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Mom's A Role Model For Rene

Every day this week, The Early Show introduces you to the people who have had a positive impact on the co-anchors, and changed their lives for the better.

Monday, Rene Syler says in her case, it was a woman who taught her the true meaning of sacrifice and how to be a strong, independent woman. The following is her report:


Her voice was the first sound I ever heard in this world. And she remembers hearing mine.

Anne Syler says, "She was a screaming, crying, baby. She really cried a lot. She was thin, very small baby, but gained weight quickly. Because every time she screamed, I fed her."

As I grew up, her approval was all I ever needed. And as an adult, her standard is the one I want to live up to.

My mother-- was the first example I had of a real working woman.

After a stint in the military, she'd been a stay-at-home mom. But by the time I was a teenager, her relationship with my dad was in trouble.

Anne Syler says, "Well, we were both very much in love when Rene was born. But as the years went on, and things happened, I tried to establish a marriage that would last forever, because I believed in it. Had a wonderful time with him, we spent 18 years together. And then we separated."

After that, nothing would ever be the same again.

My parents' marriage was falling apart, and my mother realized that, and she knew that she was going to have to take care of herself because she knew that she wasn't going to be able to rely on my father for her retirement. And so she made some really tough choices.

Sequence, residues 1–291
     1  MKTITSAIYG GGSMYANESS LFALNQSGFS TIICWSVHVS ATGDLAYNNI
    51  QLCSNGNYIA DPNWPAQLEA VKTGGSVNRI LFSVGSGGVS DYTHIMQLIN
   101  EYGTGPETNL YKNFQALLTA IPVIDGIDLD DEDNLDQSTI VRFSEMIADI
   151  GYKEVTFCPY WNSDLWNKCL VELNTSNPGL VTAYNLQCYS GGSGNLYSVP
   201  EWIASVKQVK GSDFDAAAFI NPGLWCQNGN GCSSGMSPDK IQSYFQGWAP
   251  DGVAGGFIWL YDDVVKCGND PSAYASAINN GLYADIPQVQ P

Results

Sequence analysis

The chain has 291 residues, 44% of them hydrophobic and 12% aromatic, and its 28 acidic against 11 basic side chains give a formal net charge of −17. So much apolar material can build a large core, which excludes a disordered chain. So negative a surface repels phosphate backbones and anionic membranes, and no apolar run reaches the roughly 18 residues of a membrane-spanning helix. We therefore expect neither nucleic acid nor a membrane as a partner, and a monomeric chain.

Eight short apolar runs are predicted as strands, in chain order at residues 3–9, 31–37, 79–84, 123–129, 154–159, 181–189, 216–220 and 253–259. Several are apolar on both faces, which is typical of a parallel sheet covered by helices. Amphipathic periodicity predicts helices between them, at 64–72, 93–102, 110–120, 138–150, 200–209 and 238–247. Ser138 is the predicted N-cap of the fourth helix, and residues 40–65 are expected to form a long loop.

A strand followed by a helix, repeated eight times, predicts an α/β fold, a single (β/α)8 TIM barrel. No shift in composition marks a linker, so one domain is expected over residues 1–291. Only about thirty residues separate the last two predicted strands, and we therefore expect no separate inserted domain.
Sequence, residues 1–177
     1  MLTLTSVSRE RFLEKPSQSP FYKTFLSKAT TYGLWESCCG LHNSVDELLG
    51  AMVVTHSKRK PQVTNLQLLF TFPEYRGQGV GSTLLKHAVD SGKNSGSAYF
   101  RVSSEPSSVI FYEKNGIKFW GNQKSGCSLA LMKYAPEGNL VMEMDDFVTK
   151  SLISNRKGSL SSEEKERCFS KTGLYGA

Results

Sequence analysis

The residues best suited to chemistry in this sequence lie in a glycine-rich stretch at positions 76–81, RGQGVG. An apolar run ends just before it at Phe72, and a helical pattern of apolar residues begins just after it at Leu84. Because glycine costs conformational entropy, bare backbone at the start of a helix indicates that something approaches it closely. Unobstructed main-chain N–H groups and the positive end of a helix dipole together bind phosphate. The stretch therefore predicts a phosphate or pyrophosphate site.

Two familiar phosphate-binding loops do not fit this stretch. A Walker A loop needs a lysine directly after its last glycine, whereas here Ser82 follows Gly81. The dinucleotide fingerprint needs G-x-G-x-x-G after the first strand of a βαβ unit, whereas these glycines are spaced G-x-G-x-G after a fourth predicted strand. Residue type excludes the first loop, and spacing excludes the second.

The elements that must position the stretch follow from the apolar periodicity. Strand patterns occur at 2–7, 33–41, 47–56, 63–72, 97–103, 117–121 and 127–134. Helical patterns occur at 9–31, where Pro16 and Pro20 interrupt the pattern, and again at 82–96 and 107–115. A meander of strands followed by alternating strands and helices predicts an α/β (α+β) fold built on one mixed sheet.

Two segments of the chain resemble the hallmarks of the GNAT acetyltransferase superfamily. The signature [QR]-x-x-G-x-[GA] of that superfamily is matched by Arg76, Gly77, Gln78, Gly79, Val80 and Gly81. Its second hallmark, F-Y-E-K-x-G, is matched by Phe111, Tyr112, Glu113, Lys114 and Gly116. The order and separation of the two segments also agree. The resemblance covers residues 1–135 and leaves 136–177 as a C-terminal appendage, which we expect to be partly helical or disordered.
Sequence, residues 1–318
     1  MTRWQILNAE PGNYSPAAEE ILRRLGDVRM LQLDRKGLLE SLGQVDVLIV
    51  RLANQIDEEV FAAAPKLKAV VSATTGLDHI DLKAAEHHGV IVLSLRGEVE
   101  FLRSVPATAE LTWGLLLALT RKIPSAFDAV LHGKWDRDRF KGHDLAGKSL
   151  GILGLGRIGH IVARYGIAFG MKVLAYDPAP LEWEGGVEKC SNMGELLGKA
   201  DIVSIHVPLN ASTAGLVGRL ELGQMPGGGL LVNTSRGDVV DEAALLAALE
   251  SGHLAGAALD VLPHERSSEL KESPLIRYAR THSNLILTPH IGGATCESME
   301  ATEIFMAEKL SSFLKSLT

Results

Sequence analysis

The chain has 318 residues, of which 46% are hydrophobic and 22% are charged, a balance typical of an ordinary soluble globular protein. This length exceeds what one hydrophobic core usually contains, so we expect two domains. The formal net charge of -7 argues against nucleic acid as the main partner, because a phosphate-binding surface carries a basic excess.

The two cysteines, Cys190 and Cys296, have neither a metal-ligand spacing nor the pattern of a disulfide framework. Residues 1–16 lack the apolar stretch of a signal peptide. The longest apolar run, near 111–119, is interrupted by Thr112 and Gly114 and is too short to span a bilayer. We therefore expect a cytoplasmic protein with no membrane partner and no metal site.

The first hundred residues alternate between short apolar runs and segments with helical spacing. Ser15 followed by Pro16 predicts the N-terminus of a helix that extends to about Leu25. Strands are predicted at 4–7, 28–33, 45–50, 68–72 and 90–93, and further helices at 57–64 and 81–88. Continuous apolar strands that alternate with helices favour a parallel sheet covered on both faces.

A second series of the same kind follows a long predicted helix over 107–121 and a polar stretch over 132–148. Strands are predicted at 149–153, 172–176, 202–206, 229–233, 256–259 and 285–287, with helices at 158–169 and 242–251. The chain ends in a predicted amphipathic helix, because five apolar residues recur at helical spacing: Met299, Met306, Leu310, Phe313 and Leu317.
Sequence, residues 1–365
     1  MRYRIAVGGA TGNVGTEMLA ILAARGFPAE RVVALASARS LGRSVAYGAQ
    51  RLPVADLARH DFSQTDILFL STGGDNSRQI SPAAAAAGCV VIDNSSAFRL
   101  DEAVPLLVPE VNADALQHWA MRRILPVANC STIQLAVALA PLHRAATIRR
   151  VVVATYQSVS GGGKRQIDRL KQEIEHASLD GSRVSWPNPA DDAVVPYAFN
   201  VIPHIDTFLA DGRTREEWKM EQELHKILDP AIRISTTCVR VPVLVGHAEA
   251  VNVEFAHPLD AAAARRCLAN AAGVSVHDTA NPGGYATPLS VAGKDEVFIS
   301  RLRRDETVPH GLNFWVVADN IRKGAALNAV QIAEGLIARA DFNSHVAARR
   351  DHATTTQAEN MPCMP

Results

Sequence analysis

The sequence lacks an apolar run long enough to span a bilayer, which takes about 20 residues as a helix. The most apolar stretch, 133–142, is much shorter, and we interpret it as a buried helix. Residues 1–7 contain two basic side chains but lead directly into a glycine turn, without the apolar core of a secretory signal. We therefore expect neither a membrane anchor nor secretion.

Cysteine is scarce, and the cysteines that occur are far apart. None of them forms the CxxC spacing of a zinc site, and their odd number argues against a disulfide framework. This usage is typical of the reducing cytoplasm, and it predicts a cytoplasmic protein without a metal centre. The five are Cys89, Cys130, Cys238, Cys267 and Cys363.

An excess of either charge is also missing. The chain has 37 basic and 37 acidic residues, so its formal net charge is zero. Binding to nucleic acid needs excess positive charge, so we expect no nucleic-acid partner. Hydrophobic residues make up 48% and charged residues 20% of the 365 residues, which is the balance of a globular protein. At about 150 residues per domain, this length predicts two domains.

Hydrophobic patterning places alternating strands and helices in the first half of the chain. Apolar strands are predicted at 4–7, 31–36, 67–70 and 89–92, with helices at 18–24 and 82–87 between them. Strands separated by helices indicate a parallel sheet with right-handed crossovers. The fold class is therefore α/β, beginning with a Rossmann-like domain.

At age 48, my mother was alone. With two kids, no job and no lucrative skills. As a young woman, she'd spent a decade in uniform. So, at nearly 50 years old, mom did what she felt she had to do: she re-enlisted in the U.S. Air Force.

When my parents separated, my father moved out. Both of my parents left my sister and I in the house that we grew up in.

Anne Syler says, "I was hoping I'd be stationed close but they sent me to Southern California."

That time was hard for all of us. And I didn't realize how hard it was on her until just very recently - how hard it must have been for her to leave her kids.

As a teenager, I tried my best to be supportive.

Anne Syler recalls, "She says, 'You go for it, Mom. I'm proud of you.' That made me assured that they were capable of staying by themselves."

Mom got sent to other cities, other states. We didn't see her often, but she'd always call. So we always felt that, somehow, she was there for us.

These days, she mostly sees me on TV. Sure, we talk, but not nearly enough.

Sometimes, honestly, she'll call and I'm busy. And I'm running around like a crazy woman. I've got kids, and I've got my own life, and she just calls to say, 'Hey, I saw you on TV, and you look great.' Or, 'That interview was great.' You know, she still watches with the same eye that she watched when I was 14 years old. And she's as encouraging now as she was back then.

Anne Syler says, "I'm happy with the fact that she's happy with what she's doing."

It's hard because it's always the times that she calls, I'm always running around doing something else. I guess, in a way, I don't give her enough time. I don't give her enough time in my life. And I guess that's kind of sad. I feel bad about that.

I am becoming my mother. And when I was 14, I could not think of a more horrific thing. Now, I think that'd be pretty cool.

And now I think it's cool that she can talk to anyone. She's that comfortable in her skin, and in who she is. And when I look at that, I think that's what I want to aspire to.